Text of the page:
Spanish leader: 9 Catalan separatists will receive pardons
BARCELONA, Spain (AP) — Prime Minister Pedro Sánchez said Monday that the Spanish Cabinet will approve pardons for nine separatist Catalan politicians and activists imprisoned for their roles in the 2017 push to break away from Spain.
Sánchez made the announcement in Barcelona, during a speech set to lay the roadmap for the future of the northeastern region, before a few hundred civil society representatives. He said the Cabinet would approve the pardons on Tuesday.
Twelve separatist leaders were convicted of sedition and other crimes and nine of them were handed lengthy prison terms after they pushed ahead with a banned secession referendum and declared independence a few days later based on its results. Most unionists boycotted the vote, which took place amid a police crackdown intended to stop it.
“With this action, we materially get nine people out of prison, but we symbolically add millions and millions of people to coexistence,” Sánchez said in his speech, titled “Reunion: a project for the future of all Spain.”
“We are going to do it for the sake of agreement, we are going to do it wholeheartedly,” he added.
No prominent pro-independence supporters attended the speech at the Catalan regional capital’s opera house. Outside the venue, an anti-establishment party and the main pro-independence civil society group were holding a protest.
The prime minister was interrupted by an activist who carried the unofficial pro-independence Catalan flag and shouted in favor of granting full amnesty to the separatists. While pardons are granted by the government as a way to spare punishment to those convicted, amnesty is seen as a recognition that no fault was committed in the first place.
Oriol Junqueras, the former regional vice president and the highest-ranking imprisoned separatist, said over the weekend that the pardons also “show the weakness of the state’s apparatus” and suggested that their timing was because the government fears that higher European courts will overturn the separatists’ convictions in Spain.
“The state is now trying to protect itself against the abusive measures it had taken before,” Junqueras told Catalunya Radio.
The pardons have also become a divisive political issue at the national level. While the powerful Catholic Church in Catalonia and the main business associations have supported them, Spain’s Supreme Court has opposed them because separatists have not shown contrition.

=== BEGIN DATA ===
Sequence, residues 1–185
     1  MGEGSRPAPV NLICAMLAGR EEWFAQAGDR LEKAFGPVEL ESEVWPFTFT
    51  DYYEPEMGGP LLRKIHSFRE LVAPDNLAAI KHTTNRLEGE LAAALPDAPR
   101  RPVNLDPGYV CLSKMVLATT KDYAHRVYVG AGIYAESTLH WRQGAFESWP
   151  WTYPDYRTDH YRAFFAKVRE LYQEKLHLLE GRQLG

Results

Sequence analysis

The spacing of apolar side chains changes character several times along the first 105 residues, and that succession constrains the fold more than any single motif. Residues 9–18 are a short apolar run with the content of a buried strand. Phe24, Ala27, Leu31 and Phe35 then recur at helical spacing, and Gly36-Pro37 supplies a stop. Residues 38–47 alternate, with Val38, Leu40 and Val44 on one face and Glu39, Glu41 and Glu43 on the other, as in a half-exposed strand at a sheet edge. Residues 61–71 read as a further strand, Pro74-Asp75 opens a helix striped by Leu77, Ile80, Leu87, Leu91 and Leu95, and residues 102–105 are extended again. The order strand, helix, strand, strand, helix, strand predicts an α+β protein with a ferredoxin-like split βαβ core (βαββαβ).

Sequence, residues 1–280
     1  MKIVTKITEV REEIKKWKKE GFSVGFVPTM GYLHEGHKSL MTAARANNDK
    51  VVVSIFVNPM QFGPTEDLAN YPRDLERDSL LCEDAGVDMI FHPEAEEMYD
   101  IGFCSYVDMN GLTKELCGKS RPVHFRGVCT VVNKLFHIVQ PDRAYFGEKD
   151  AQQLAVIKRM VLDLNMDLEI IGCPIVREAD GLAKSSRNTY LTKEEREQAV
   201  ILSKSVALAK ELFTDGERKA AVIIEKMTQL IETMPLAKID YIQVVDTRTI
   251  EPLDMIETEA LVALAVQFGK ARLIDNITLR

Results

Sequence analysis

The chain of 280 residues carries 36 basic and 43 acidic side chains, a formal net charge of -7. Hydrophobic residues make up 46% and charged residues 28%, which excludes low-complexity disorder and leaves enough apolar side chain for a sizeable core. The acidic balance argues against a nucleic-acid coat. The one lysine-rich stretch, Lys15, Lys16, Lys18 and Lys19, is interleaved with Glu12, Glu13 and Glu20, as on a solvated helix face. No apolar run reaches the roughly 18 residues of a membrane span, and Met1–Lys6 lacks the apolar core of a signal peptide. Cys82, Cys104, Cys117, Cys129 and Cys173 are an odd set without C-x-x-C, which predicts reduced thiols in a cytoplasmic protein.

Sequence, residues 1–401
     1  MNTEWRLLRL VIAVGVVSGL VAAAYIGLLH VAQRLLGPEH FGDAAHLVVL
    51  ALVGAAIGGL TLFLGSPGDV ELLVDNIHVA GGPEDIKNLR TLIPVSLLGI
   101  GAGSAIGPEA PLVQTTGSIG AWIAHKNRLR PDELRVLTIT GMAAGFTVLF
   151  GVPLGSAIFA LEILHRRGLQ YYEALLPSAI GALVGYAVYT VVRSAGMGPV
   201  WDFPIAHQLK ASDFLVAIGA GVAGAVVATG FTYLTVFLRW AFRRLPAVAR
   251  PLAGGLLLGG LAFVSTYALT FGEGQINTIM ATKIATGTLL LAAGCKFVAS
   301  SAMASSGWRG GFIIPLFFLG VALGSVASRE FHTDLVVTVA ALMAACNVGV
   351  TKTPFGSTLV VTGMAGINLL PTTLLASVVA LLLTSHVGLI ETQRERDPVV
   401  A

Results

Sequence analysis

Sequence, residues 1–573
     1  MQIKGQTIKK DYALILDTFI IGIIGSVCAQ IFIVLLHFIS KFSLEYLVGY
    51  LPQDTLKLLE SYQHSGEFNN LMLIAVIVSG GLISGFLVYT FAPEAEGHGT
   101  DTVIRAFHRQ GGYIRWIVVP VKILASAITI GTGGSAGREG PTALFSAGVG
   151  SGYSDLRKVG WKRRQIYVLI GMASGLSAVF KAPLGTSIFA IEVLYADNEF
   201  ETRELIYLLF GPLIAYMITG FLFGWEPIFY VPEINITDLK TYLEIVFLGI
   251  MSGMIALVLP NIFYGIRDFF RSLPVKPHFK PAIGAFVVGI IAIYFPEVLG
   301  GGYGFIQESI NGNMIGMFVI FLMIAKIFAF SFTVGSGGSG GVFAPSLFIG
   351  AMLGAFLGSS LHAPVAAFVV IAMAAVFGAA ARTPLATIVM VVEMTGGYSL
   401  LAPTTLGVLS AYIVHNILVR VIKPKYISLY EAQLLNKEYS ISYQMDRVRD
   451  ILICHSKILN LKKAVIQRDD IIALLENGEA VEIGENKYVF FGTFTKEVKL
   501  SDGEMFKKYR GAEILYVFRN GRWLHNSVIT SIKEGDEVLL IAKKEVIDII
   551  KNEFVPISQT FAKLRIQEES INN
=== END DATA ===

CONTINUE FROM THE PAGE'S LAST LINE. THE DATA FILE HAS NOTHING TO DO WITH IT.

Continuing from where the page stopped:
More than 60% of polled Spaniards are also against them, including about half of those who voted for Sánchez’s Socialists in the last general election.
Thousands opposed to the move called for Sánchez’s resignation earlier this month in Madrid, during a protest supported by three opposition parties from the political center to the far-right.
On Monday, opposition leader Pablo Casado of the conservative Popular Party accused Sánchez of yielding to pressure from the separatists in exchange for support from Catalan lawmakers in the national parliament and, ultimately, to remain in power.
“Sánchez is not trying to solve a national problem,” Casado said. “He’s destroying the foundations of our democracy, systematically disarming the state.”
The prime minister didn’t elaborate in his speech on whether the pardons would cover all or part of the nine to 13 years of prison sentences that the separatists received. After Cabinet’s approval on Tuesday, King Felipe VI will need to sign off on them before the Supreme Court issues individual rulings on how the pardons affect each of the convicted separatists.
Tensions over secession in the Catalan-speaking region of 7.5 million grew in earnest a decade ago amid recession-driven economic hardship and discontent over a conservative government’s opposition to greater autonomy.
Sánchez and Catalonia’s new regional chief, Pere Aragonès, are set to hold talks later this month, but both sides strongly disagree on the independence issue. Sánchez has ruled out allowing a referendum and has said that greater autonomy would please more Catalans.
AP reporter Aritz Parra in Madrid contributed to this report.